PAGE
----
After surpassing the threshold of four million confirmed cases, the USA is continuing to experience a rapid rise in new coronavirus cases. Redfield & Wilton Strategies investigated public sentiment on the coronavirus in six key swing states: Arizona, Florida, Michigan, North Carolina, Pennsylvania and Wisconsin.
Our poll found that respondents in all swing states do not think that the crisis is coming under control in their state. A strong majority of respondents in Florida (62%) and Arizona (61%), which both have Republican governors, disagree that the coronavirus situation in their state is under control, A majority of those in Democratic-run Wisconsin (59%) and North Carolina (54%) also disagree that coronavirus is in control in their state. In contrast, only a plurality of those polled in the Democratic-run Michigan (39%) and Pennsylvania (45%) believe coronavirus is not under control.
These concerns reflect the reality that Florida and Arizona have been hit particularly hard by the recent spike in infections. Florida has the highest daily average of coronavirus cases (53 cases per 100,000) of any US state, while 42 out of every 100,000 Arizonians is infected with the virus on a daily basis. In contrast, the daily average number of cases per 100,000 is around half that level in North Carolina and Wisconsin, and in single digits in Michigan and Pennsylvania.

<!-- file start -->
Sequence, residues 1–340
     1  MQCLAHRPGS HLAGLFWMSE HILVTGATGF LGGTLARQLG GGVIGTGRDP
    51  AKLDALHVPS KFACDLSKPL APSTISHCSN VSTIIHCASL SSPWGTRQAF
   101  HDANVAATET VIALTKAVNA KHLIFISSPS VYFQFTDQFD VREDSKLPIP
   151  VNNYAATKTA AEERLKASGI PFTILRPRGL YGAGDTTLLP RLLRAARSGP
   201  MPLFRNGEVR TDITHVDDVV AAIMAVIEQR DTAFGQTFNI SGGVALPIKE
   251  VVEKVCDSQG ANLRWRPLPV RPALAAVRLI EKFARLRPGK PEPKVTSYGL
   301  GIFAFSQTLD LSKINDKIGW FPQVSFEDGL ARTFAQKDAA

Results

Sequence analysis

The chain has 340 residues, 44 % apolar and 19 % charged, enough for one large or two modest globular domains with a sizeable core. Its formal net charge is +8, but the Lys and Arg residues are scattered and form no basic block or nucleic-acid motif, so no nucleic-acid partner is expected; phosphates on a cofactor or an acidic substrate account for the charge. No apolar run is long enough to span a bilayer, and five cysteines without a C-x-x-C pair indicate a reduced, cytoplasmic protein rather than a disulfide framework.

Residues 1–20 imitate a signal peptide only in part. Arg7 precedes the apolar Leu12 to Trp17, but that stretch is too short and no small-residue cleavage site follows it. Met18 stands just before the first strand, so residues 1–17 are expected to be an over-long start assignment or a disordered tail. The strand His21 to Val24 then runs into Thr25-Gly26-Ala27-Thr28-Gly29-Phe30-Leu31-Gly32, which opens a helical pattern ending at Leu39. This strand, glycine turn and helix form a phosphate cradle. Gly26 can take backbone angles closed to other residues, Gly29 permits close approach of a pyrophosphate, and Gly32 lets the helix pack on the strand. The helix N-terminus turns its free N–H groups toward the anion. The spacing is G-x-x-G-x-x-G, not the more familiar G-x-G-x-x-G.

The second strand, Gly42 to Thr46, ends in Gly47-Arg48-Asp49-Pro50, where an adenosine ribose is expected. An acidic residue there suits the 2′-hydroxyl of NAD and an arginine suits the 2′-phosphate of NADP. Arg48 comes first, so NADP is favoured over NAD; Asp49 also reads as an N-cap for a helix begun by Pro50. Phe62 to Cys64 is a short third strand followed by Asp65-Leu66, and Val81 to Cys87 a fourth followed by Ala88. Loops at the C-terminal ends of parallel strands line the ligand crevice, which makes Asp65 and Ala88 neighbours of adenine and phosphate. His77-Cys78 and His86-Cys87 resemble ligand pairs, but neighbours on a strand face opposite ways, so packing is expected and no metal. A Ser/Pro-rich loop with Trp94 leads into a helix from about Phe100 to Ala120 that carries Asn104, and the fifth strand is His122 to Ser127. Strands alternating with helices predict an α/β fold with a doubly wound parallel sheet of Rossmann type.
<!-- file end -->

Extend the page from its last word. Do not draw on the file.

Pessimistic viewpoints on whether the worst is still yet to come also stem mostly from states experiencing sharper upticks in new cases. Worst-hit Florida and Arizona were among the most pessimistic, with majorities in each fearing the worst is yet to come. Similarly, North Carolina and Wisconsin, both of whom have seen noticeable increases in cases recently, were not far behind. In contrast, smaller pluralities were pessimistic in Michigan and Pennsylvania.
All six states now feel less safe taking part in a range of ordinary activities than they did in our poll last month, reflecting the surge in cases the whole nation has seen in that time.
When questions turned to national handling, a consistent majority (55-61%) in all six states said that Trump should change his current approach to coronavirus. The relative lack of deviation along party lines sends a clear message to the Trump campaign that their strategy must change in either substance or approach, or both, if it is to secure any of these six states.
On the whole, our results show that confidence in Trump’s ability to handle the coronavirus is declining in all six states. Florida’s soaring infection rates and public fear represents a particular concern for Trump, given that it is the largest swing state in terms of electoral college votes. In order to be victorious in the swing states in November, Trump may have to adapt his coronavirus policy.